If you know me, you know I love 1930's reproduction fabrics. When my friend Barbara Eikmeier told me she was bringing out a line of 30's fabrics in conjunction with Paint Brush Studios I jumped for joy and immediately ordered fabric bundles and panels to sew and to sell. I had a quilt all lined up to make using 30's reproductions, a darling Alphabet baby quilt, and got to work on it right away using Barb's fabrics. I love how they coordinate with the Painter's Palette Solids (by Paint Brush Studio). The colors are so fresh and cheerful, and totally go together.
So when Barb invited me to participate in the Ruby's Treasures Blog Hop it was a no brainer! Of course! I poured through the blocks in Ruby McKim’s book One Hundred and One Patchwork Patterns.
It was really hard to pick just one. But I saw a block named Skyrocket and I was curious about what it looked like. What was Ruby imagining when she names a block after a rocket? This was 100 years ago, remember, and sky rockets were the stuff of science fiction back then. Here is the original pattern.
The original was a 12" block made using templates (with no seam allowance I might add), and set-in seams were needed to add the outer triangles to the block. OH NO! While I am perfectly able to do set-in seams I didn't want to do 8 of them in one block (and I had two blocks to make, no less) so I redrafted the pattern in EQ7. The resulting block could be rotary cut, but the size and shape of the patches made that just as difficult as using templates. Fractional measurements and odd angles, Oh My!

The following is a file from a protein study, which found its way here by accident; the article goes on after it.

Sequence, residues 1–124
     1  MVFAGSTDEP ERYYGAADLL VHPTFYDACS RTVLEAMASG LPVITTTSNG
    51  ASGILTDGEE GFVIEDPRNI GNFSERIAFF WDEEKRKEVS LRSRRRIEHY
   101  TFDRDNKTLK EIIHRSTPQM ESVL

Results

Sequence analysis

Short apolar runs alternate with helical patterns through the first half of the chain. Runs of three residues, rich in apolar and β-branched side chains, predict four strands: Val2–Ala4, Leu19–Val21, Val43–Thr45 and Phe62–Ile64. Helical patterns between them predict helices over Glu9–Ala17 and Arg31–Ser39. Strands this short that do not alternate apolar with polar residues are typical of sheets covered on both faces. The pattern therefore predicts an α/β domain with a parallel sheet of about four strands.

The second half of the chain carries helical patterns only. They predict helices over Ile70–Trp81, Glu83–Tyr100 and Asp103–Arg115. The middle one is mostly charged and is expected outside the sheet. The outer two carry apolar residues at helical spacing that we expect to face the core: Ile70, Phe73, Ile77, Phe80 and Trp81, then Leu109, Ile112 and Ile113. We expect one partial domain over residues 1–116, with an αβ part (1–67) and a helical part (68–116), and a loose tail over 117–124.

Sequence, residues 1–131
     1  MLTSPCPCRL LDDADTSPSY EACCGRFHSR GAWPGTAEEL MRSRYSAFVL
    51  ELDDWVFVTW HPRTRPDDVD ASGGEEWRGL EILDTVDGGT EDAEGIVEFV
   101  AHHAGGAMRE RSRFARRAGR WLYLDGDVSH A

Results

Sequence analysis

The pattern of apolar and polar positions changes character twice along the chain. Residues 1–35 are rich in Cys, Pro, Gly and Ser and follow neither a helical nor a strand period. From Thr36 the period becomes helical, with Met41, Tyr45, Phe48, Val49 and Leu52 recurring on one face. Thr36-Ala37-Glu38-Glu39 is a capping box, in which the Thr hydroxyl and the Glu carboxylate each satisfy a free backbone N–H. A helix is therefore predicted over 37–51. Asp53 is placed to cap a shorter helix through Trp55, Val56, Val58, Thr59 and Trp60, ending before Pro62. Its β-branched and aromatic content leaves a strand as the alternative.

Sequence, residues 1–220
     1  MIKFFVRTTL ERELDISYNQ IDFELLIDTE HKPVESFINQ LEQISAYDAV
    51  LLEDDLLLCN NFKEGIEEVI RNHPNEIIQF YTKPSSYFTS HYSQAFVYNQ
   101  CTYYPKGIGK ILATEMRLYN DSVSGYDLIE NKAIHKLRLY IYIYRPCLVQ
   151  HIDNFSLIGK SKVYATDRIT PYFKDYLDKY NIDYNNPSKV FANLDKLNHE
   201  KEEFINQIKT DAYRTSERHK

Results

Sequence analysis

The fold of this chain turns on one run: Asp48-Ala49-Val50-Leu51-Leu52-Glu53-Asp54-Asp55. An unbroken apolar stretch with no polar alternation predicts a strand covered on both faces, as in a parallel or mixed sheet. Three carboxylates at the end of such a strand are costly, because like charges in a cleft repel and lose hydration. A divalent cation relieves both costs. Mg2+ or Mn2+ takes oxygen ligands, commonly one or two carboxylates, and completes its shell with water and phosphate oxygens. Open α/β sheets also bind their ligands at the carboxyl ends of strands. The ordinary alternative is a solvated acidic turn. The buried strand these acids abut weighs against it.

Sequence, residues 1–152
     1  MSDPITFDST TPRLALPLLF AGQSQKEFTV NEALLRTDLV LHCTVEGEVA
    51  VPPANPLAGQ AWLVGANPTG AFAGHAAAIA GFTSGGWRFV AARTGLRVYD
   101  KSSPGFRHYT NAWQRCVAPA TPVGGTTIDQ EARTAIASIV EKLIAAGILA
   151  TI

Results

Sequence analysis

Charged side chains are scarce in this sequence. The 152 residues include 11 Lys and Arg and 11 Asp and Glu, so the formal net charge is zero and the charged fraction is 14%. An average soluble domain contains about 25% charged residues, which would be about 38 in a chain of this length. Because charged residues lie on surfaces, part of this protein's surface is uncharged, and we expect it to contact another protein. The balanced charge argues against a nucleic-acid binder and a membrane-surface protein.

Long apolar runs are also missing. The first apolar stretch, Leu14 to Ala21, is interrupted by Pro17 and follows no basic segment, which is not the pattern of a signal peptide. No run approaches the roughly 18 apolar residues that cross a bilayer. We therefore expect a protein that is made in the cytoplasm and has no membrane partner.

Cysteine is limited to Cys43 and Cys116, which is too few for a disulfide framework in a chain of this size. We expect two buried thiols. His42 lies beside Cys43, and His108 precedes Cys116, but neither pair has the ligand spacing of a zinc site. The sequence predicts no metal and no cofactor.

So I chose to do a paper piece blocks, and it was super easy to make.
Here are my EQ7 renderings for the block:
I wanted to do one with a dark background and one with a lighter background to emphasize the different looks achievable with this block.
I printed my foundation pattern on tracing paper and selected my fabrics for each block.
There are 8 section in each blocks and you need to paper piece each section first. Here is the layout for the foundation pattern.
NOTE: When you download and print the pattern measure the 1" square printed on each page. If it is not exactly 1" you may need to adjust your printer settings.
I recommend pre-cutting patches for each section to speed up the process. I did this by making an extra copy of the foundation pattern and cutting it apart. I used each shape to create a template, and added 1/2" to all sides of the template. Once I cut the first patch I stacked it on a folded piece of fabric to get the rest of the pieces.